Your browser is out-of-date!

Update your browser to view this website correctly. Update my browser now

×

 
 

Antenna Trouble

It is no surprise that someone trying to use a single bay for IBOC and a 10-bay for analog would have problems with the 10 dB increase. Not understanding the physics of gain antennas is the reason.

Hello Michael,

It is no surprise that someone trying to use a single bay for IBOC and a 10-bay for analog would have problems with the 10 dB increase. Not understanding the physics of gain antennas is the reason.

I could not give accurate figures, but something between 2–3 dB is the typical capture ratio of a decent analog FM receiver. Ten dB down would work fine with HD as long as the characteristics of the antennas are thought of before the increase, not after.

The problem is very simply that the two antennas chosen for the “Looming Danger of Digital Host Interference” article (RW Engineering Extra, Feb. 18) are absolutely the wrong antennas for the job, no matter where the antennas are on the tower.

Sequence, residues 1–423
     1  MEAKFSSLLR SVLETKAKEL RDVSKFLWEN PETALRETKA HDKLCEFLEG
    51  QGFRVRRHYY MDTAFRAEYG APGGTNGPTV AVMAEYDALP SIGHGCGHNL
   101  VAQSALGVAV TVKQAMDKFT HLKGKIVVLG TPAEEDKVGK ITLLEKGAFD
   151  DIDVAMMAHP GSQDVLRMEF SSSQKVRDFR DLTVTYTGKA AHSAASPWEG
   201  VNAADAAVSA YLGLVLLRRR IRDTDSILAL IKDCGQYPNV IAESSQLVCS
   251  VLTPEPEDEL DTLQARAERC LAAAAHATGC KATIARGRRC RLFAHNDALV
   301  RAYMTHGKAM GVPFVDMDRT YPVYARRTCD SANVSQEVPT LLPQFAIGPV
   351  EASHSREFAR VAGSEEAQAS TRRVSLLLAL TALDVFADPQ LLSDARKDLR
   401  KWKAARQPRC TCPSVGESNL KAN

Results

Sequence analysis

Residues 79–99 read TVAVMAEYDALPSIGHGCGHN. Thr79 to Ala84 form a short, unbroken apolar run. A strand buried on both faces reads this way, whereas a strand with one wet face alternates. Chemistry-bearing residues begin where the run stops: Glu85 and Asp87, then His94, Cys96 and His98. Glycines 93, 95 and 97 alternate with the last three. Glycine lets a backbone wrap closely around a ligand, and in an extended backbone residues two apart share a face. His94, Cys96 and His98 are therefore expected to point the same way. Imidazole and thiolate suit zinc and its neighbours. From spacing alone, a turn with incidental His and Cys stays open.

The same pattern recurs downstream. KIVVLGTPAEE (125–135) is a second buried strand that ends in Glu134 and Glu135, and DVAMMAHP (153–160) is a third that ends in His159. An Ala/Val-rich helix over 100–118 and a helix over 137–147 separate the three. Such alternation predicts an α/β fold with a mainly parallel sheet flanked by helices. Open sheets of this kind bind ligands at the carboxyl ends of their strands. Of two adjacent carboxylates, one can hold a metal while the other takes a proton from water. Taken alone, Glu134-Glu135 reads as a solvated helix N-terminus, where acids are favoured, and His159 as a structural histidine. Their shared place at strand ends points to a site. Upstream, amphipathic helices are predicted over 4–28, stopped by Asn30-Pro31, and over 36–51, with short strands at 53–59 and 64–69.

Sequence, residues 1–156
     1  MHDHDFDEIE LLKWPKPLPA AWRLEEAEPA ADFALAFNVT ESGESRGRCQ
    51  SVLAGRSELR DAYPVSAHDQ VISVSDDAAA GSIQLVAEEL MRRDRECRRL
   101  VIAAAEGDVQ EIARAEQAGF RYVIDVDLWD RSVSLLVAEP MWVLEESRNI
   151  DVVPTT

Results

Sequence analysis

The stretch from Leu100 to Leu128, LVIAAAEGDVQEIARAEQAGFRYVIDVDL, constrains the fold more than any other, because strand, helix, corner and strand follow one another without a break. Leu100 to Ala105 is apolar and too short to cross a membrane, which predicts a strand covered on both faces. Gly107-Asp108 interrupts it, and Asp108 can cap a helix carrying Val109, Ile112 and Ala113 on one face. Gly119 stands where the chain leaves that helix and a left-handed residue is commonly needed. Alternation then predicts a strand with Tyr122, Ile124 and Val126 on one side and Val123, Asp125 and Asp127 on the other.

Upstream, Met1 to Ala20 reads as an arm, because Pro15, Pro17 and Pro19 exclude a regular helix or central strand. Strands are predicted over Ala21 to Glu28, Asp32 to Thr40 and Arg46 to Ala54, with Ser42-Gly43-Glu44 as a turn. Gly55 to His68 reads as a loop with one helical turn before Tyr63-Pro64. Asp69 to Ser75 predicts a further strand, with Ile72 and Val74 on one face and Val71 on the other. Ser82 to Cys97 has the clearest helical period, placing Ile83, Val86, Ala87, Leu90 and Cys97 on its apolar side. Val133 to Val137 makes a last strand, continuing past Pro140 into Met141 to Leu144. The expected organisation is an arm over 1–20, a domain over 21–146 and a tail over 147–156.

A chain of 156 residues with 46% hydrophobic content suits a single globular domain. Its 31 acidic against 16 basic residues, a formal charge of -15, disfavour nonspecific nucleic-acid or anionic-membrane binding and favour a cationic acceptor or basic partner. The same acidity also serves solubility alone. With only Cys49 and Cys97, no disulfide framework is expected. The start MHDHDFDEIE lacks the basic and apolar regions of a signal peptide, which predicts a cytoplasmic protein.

There was a presentation to the Tennessee Association of Broadcasters in January by Bob Surette at Shively Labs that outlined this exact problem very well. The PowerPoint presentation is available for download at tiny.cc/Shively. An overview can be found at sbenashville.org/pages/tab-2009.php in the “Afternoon Sessions” section.

HD Radio at 10 dB down from the carrier power will work fine; it does have its challenges and they can be overcome. HD using high-level combining is not going to work at the higher power levels. Low-level combining and possibly for those already running IBOC with separate antennas it might be possible to use a very clean amplifier with current IBOC hardware.

A single bay for HD Radio along with a 10-bay antenna for analog is asking for trouble on many different levels. Depending on physical isolation, intermod products are possible. There will be many areas where the IBOC RF will be well above the analog signal.

To me, the article was well done, but it illustrated a problem with not knowing the physics and related patterns of the antennas.

David R. Wilson, KU4B
Engineer
The Cromwell Group
Nashville, Tenn.

Close